[Total: 0    Average: 0/5]

The Simogramme is the graphical representation of simultaneous or successive events in the accomplishment of a work.


The Simogramme (called “Standardized work combination Table-SWCT“) is the graphical representation of simultaneous or successive events in the accomplishment of a job.

This is a graphical study of the activity during repetitive work, and allows to group operations, to multiply or to reorganize posts for a better use of the times. The objective of the Simogramme is to:

  • Try to minimize manufacturing times by combining, eliminating or improving some operations.
  • Synchronize sequences of operations between multiple operators.
  • Study the assignment of several machines to the same operator.
  • Differentiate the work of each member.


A Simogramme is nothing more than a Gantt chart. It is simply suitable for short cycles (we don’t talk about dates, but time in seconds). A few tips are to be respected:

  1. Use different colors for manual times and automatic times.
  2. Specify on which Part one works (n, N-1…) as well as the operator.
  3. Use one of the methods of Time Predetermination to set the cycle times for each task.
  4. Represent at least 2 total cycles on the Simogramme.

1. Break down work into tasks

We’re going to break down the work into small tasks. These must be clearly defined and not leave any doubt as to what they represent.

2. Increase the execution time of each task

For each task one defines an average time. We note that the times we use for this type of study are expressed in TTH (ten thousandths of an hour). The conversion is as follows:

  • 1 second = 2.77 TTH (100/36)
  • 1 minute = 166.67 TTH (1000/6)

3. Establish the Simogramme

Then we establish the Simogramme of the tasks. It allows you to see the sequence of operations. The times we are going to identify on the Simogramme are:

  • manual time Tm: Time corresponding to a physical or mental human work depending solely on the action of the operator.
  • Technology Time Tt: Working time whose duration depends only on the technological conditions of execution, the machine works without intervention of the operator.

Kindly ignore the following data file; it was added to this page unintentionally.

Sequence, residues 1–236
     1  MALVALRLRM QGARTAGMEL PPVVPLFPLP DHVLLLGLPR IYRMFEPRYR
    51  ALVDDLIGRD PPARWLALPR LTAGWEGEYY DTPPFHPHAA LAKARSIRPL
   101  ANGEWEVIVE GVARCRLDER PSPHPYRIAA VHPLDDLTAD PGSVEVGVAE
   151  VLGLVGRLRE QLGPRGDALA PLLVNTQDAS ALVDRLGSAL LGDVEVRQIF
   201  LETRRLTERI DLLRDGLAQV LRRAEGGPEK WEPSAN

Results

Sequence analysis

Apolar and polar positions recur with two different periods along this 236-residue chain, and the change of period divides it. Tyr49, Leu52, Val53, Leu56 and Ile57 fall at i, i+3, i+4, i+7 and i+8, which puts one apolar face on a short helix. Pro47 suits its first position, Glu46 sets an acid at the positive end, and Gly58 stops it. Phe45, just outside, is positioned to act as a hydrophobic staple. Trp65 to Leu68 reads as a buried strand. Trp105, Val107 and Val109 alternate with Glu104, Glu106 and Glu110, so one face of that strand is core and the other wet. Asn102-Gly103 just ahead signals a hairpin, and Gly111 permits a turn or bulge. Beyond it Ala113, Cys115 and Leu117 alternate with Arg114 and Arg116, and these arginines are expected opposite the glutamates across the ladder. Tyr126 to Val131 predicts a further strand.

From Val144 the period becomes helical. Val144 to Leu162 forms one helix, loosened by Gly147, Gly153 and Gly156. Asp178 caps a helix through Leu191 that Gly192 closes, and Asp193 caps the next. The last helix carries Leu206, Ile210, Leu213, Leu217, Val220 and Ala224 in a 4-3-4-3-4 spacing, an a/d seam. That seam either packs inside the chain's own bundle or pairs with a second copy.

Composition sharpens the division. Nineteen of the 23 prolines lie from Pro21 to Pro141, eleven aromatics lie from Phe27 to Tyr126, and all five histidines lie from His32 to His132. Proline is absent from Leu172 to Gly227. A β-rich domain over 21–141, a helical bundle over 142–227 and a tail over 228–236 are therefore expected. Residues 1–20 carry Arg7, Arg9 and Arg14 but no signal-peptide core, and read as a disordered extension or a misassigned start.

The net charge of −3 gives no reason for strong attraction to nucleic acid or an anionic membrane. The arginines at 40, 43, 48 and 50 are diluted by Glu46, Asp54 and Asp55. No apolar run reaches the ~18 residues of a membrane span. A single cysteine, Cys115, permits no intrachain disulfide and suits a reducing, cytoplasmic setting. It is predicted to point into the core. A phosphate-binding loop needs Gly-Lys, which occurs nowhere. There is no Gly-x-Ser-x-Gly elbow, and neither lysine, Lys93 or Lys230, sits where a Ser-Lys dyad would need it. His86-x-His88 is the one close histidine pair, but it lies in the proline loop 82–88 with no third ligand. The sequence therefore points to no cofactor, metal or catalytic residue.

• Time Technico-Manual Ttm: Time corresponding to the combined actions of the operator and the machine.
  • Te Balancing Time : Additional time for the synchronisation of several cycles. This is an artificially added time when, for example, it is not possible to perform a masked time check.
  • manual times or Techno-manuals frequency (TMF or TTMF): Tasks that are not performed at each cycle, but at a certain frequency. For example, we control one Part out of five.

4. Determine the cycle time

The cycle represents the sequence of operations that will be repeated wisely according to the need. So in 1 cycle, you can produce several pieces.

5. Deduct the different indicators

  • Time Masked T z : time of a work performed by the operator during the execution of another work whose time is already taken into account.
  • Residual time T r : these are the times when the operator has no occupation. It corresponds to the difference between the cycle time and the sum of the manual times and the time Technico Manual.

Operator activity rate

Equipment activity rate

  • Charge: It is the sum of the manual times and the technical-manual times.
  • Cadence: Opening Time/Cycle time
  • Availability: Takt Time-load

It is noted that for calculations, we do not take into account the times said frequency (TMF or TTMF), because they can be entrusted to other operators with less load.

6. Optimize the sequence

We will work on the sequence of work to optimize it and get the maximum cadence. We deduct the capacity of a workstation that will give us the number of pieces per day. It will depend on the number of people on the workstation, the breaks, the opening time and of course, the rate we have just calculated.


Take the example of a creper with 2 hotplates. The analysis of a sequence gives us the following steps:

  1. Put oil on the appliance: 8 TTH
  2. Pour and spread the dough: 12 TTH
  3. Bake the first side: 60 DMH
  4. Flip the crepe: 12 TTH
  5. Bake the second side: 36 TTH
  6. Remove Crepe: 8 TTH
  7. Put Nutella: 20 TTH
  8. Folding Pancake: 8 TTH

With this data, we can draw the Simogramme. We get this:

At first, we see that the raw cycle time to make a crepe is 164 tth. Taking into account the timing, we observe that the cycle to make two crepes is 164 TTH. In other words, by synchronizing the tasks, two times are reduced to make crepes. We then calculate the different times for a cycle:

  • cycle time: 164
  • manual Time Tm: 2 * (6, 7, 8) = 72
  • Technology Time Tt: 2 * (3, 5) = 192
  • Technico-Manual Ttm Time: 2 * (1, 2, 4) = 64
  • Te balancing Time : 0
  • manual times or Techno-manuals frequency (TMF or TTMF): 0


We measure the different indicators:

  • Time Masked T z : 1 times steps 6, 7, and 8 = 36
  • Residual time T a : 192 – 36 = 156 These are the times when the operator has no occupation. It corresponds to the difference between technological times and hidden times.
  • operator occupancy rate: * 100 = 82.9%
  • occupancy rate per machine: * 100 = 78%
  • Load: 72 + 64 = 136
  • Cadence: For 8 working hours or 80 000 tth, we get a potential crepe number of = 487.8 cycles or 975.6 crepes, total on which we remove 1 since for the first cycle, we will not be able to make the crepe n – 1. So we have 975.6 crepes in total.
  • Availability: If we have a need for 1 crepe every 2 minutes on this carnival Sunday, we have an availability of: 333.3 – 136 = 197.33
Share This